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Book

Employment policies for disabled people: a review of legislation and services in fifteen countries

Authors:
LUNT Neil, THORNTON Patricia
Publisher:
Great Britain. Department of Employment
Publication year:
1993
Pagination:
222p.,bibliog.
Place of publication:
Sheffield

Contains detailed accounts of the current situation in all countries looked at, and in depth reports on France, Germany and the United States.

Journal article

Age and disability: explaining the wage differential

Authors:
GANNON Brendon, MUNLEY Margaret
Journal article citation:
Social Science and Medicine, 69(1), July 2009, pp.47-55.
Publisher:
Elsevier

This paper estimates the level of explained and unexplained factors that contribute to the wage gap between workers with and without disabilities, providing benchmark estimates for Ireland. It separates out the confounding impact of productivity differences between disabled and non-disabled, by comparing wage differentials across three groups, disabled with limitations, disabled without limitations and non-disabled. Furthermore, data are analysed for the years 1995–2001 and two sub-samples pre and post 1998 allow us to decompose wage differentials before and after the Employment Equality Act 1998. Results are comparable to those of the UK and the unexplained component (upper bound of discrimination) is lower once we control for productivity differences. The lower bound level depends on the contribution of unobserved effects and the validity of the selection component in the decomposition model.

Book

Sheltered employment in five member states of the Council of Europe: Austria, Finland, Norway, Sweden and Switzerland

Authors:
SAMOY Erik, WATERPLAS Lina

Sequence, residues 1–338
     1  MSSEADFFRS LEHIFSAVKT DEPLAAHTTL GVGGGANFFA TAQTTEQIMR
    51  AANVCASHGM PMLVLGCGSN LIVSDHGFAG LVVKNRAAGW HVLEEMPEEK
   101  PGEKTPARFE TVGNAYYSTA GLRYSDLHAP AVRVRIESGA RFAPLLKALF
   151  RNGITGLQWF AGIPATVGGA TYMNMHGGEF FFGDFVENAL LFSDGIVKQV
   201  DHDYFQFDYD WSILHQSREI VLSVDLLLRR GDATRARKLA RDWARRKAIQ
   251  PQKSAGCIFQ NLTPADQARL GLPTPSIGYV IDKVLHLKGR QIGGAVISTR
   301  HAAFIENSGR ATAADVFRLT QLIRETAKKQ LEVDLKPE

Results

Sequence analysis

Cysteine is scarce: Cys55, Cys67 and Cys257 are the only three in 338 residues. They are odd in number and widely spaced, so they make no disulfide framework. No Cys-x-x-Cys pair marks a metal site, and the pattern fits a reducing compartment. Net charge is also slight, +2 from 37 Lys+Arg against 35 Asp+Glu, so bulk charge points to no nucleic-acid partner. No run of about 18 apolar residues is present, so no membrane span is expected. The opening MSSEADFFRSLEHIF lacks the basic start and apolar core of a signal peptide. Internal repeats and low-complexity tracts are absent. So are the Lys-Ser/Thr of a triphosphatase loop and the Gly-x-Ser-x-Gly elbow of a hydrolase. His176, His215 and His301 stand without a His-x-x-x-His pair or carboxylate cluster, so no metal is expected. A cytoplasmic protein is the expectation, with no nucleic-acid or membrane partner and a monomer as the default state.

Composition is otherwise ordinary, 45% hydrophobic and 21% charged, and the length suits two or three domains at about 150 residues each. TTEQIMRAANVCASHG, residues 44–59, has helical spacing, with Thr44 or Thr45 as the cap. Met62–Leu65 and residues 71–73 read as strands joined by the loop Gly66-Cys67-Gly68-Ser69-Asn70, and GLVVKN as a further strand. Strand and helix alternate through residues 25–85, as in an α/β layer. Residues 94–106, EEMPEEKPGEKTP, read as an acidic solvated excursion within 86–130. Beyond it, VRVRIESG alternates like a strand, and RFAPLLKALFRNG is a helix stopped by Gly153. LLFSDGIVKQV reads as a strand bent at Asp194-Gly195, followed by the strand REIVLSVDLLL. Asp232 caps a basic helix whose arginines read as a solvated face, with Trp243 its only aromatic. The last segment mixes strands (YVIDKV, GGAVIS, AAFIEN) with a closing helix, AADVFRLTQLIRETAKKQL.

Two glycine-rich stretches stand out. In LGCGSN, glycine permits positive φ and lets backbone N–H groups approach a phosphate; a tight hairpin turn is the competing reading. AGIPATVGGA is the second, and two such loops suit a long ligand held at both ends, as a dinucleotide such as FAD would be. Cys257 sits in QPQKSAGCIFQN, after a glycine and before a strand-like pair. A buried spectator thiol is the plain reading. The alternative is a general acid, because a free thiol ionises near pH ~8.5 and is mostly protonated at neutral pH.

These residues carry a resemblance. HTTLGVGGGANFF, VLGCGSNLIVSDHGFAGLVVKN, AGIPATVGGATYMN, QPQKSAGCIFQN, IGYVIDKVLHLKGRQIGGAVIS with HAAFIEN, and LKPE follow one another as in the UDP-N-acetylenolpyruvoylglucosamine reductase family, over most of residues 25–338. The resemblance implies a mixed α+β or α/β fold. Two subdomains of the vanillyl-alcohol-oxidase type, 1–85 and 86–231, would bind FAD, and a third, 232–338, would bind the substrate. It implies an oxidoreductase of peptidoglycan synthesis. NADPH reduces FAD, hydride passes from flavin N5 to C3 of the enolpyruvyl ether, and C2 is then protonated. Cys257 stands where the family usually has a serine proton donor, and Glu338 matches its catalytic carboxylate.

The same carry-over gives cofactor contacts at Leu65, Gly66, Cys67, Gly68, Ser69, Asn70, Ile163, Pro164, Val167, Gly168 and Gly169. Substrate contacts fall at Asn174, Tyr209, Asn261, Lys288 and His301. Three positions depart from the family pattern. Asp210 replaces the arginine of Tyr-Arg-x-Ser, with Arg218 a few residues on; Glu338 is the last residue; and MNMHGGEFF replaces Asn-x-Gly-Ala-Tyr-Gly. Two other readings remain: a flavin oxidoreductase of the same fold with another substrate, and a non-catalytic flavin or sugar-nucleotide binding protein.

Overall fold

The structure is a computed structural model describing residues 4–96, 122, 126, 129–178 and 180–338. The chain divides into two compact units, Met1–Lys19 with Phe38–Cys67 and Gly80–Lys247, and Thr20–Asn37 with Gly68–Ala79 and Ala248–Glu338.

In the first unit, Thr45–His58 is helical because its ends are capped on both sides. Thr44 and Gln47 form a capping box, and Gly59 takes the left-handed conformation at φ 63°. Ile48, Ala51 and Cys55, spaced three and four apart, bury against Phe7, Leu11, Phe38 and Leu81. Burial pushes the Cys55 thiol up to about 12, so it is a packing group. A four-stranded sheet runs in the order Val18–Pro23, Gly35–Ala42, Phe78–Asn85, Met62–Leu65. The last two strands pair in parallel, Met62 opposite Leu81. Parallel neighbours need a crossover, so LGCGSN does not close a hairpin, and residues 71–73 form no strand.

Publisher:
Council of Europe
Publication year:
1997
Pagination:
67p.,bibliogs.
Place of publication:
Strasbourg

Comparative study looking at the situation of sheltered employment in the twelve Member States of the European Union. The data for each country is grouped under the following headings: institutional context; target population; access to sheltered employment; characteristics of the people in sheltered employment; and a discussion of the topics currently under debate around sheltered employment in each country.

Journal article

“Kids like me, we go lightly on the head”: experiences of children with a visual impairment on the physical self-concept

Authors:
DE SCHIPPER Tessa, LIEBERMAN Lauren J., MOODY Brigitte
Journal article citation:
British Journal of Visual Impairment, 35(1), 2017, pp.55-68.
Publisher:
Sage

There has been limited research published investigating the experiences of the children with a visual impairment in physical activity and sports. The aim of the study was to explore the experiences of children with a visual impairment on their physical self-concept (PSC). A hermeneutic phenomenological approach was employed to investigate the experiences of children with a visual impairment. Qualitative interviews were conducted with six children between 10 and 12 years, followed by a thematic content analysis. Within the framework of the PSC, four themes emerged: (1) adaptations, (2) friends, (3) bullying, and (4) eyes and glasses. Findings suggest that children with a visual impairment despite the occurrence of bullying or lack of adaptations in sports of physical activity are satisfied with their physical self and global self-esteem. (Publisher abstract)

Journal article

CASP-19 special section: how does chronic disease status affect CASP quality of life at older ages? examining the WHO ICF disability domains as mediators of this relationship

Authors:
SEXTON E., et al
Journal article citation:
Aging and Mental Health, 19(7), 2015, pp.622-633.
Publisher:
Taylor and Francis